Second, despite the fact that the drafters of the ICC Statute are usually deemed to have successfully created a statute that complies with the certainty of law – as required by the principle of legality,[3] this procedural querelle stems from a lack of clarity in the relevant statutory provisions, namely, articles 53(3)(a) and 82(1)(a) ICC Statute. This is also reflected in the Appeals Chamber’s narrow majority which last 6 November adopted the decision in question. However, the Appeals Chamber’s judges have contributed to the maintenance of the ICC system, being called upon to decide on an issue which the ICC Statute does not regulate expressis verbis. This shows how, despite the drafters’ efforts to draft a comprehensive Statute, the ICC judges nevertheless exercise quite a significant interpretative function which, in certain cases, might be such as to be considered a creative interpretation.[4]

In particular, before the Appeals Chamber, the Prosecutor argued that, pursuant to article 82(1)(a) ICC Statute, she could appeal the Pre-Trial Chamber’s decision because, from a substantive perspective, the Pre-Trial Chamber’s decision constituted a decision on admissibility, even if it did not fulfil the formalities of an admissibility decision.[5] The Prosecutor had, in fact, based her decision not to proceed with an investigation exclusively on the absence of the required gravity under article 17 (1)(d) ICC Statute. As a consequence, Pre-Trial Chamber I, in its decision, had focused on admissibility as well.[6]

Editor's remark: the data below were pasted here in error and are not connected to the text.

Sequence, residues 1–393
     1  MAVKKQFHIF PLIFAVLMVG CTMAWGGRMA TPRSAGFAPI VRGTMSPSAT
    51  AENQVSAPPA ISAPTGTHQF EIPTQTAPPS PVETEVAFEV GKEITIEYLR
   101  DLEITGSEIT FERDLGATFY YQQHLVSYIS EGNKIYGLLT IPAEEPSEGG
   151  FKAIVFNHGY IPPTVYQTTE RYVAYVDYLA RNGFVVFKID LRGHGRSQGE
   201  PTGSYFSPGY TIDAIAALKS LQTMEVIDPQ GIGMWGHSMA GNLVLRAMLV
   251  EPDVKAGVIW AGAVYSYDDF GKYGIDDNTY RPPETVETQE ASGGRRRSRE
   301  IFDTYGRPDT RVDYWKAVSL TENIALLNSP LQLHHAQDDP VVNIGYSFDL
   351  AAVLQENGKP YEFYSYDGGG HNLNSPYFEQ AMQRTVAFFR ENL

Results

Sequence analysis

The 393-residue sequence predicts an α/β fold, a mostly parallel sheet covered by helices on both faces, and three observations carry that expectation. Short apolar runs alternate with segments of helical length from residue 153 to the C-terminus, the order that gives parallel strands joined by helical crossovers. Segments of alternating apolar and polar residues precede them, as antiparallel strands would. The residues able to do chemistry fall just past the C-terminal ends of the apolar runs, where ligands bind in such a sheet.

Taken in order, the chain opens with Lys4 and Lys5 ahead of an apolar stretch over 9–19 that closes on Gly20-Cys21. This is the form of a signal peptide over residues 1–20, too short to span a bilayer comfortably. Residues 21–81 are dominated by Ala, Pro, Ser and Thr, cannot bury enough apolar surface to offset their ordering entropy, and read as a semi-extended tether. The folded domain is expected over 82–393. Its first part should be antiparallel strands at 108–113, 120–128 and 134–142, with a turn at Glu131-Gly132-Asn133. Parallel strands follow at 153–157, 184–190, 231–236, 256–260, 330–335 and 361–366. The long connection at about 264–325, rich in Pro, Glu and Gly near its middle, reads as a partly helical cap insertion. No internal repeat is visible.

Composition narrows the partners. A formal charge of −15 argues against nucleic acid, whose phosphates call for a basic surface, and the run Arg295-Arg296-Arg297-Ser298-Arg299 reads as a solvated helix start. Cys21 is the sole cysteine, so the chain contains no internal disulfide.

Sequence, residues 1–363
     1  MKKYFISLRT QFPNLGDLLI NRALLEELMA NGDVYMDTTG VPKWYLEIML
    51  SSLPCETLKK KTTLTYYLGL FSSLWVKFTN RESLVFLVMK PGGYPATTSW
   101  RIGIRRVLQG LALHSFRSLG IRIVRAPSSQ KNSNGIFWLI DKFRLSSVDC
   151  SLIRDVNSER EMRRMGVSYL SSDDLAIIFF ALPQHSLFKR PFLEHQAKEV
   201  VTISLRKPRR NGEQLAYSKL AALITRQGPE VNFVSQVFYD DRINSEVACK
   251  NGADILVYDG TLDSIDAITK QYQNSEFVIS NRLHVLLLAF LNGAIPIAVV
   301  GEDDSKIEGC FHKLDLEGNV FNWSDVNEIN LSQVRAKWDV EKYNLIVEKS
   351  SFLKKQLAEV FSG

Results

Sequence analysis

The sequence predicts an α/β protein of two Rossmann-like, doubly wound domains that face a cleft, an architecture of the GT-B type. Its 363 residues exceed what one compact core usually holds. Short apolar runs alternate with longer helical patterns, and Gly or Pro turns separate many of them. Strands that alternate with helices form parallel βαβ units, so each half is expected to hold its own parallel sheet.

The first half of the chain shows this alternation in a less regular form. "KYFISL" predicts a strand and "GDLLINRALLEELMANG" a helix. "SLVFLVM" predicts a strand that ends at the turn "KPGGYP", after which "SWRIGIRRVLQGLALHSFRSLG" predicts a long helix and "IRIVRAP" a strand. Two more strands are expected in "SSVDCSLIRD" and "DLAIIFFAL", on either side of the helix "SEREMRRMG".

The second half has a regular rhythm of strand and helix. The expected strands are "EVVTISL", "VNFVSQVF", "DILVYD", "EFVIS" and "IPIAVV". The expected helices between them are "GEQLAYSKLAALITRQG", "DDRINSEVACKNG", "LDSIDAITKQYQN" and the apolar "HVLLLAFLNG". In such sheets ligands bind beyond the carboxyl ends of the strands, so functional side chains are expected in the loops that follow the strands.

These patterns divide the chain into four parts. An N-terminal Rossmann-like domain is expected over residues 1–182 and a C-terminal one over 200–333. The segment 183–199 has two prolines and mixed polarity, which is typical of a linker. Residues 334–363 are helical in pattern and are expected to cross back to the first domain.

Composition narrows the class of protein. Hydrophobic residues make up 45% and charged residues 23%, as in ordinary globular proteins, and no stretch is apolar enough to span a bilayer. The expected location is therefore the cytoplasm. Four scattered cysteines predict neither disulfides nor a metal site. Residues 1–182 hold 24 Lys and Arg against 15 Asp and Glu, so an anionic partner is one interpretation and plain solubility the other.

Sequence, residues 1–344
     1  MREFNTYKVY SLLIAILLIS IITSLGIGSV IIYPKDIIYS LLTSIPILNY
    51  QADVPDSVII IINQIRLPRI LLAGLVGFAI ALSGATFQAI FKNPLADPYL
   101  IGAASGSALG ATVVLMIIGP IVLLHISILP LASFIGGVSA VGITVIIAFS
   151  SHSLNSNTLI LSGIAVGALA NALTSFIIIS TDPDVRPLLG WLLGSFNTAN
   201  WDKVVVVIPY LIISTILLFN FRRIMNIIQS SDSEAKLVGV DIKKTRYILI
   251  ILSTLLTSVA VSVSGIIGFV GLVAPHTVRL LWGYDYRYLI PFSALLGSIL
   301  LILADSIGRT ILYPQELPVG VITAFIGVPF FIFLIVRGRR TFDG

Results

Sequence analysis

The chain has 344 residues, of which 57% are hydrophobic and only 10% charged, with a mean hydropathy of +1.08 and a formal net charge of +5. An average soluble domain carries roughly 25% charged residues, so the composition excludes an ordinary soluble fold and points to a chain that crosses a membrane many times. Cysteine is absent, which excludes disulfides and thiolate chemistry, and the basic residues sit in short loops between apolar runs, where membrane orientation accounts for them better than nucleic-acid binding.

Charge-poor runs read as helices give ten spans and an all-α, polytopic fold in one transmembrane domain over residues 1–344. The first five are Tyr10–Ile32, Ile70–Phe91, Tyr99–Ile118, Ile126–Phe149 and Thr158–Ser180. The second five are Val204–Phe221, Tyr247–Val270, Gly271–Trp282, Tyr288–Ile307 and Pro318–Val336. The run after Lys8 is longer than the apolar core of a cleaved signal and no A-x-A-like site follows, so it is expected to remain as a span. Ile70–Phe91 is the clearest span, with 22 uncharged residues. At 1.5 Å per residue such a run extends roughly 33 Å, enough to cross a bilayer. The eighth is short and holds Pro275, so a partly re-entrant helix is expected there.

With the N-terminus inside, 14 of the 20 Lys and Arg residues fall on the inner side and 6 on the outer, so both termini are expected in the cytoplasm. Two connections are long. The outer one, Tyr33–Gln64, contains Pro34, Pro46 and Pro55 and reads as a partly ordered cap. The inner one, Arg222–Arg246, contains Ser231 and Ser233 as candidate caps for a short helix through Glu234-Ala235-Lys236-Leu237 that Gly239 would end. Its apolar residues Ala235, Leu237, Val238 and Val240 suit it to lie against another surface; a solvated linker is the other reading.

On the other hand, the Union of Comoros and the victims’ representatives considered that the Pre-Trial Chamber’s decision was not a decision on admissibility and, therefore, it could not be appealed by the Prosecutor. Indeed, since according to article 82 (1)(a) ICC Statute, the Prosecutor is only allowed to appeal against decisions on jurisdiction and admissibility, the possibility for the prosecutor’s appeal to be considered at all depended on the very nature of the Pre-Trial Chamber’s decision. Should this have been considered a decision on admissibility, it would also have been regarded as a ‘final’ decision (subject to appeal) whose legal nature would have then turned out to be a review decision binding on the prosecutor. Put otherwise, the statutory lacuna consisting of the absence in article 82(1)(a) ICC Statute of an express provision for an appeal of any Pre-Trial Chamber’s decision pursuant to article 53(3)(a) [7] could have opened a breach in the system of checks and balances regulating the relations between the Prosecutor and the Trial Chamber. This would have attributed more power to the Trial Chamber.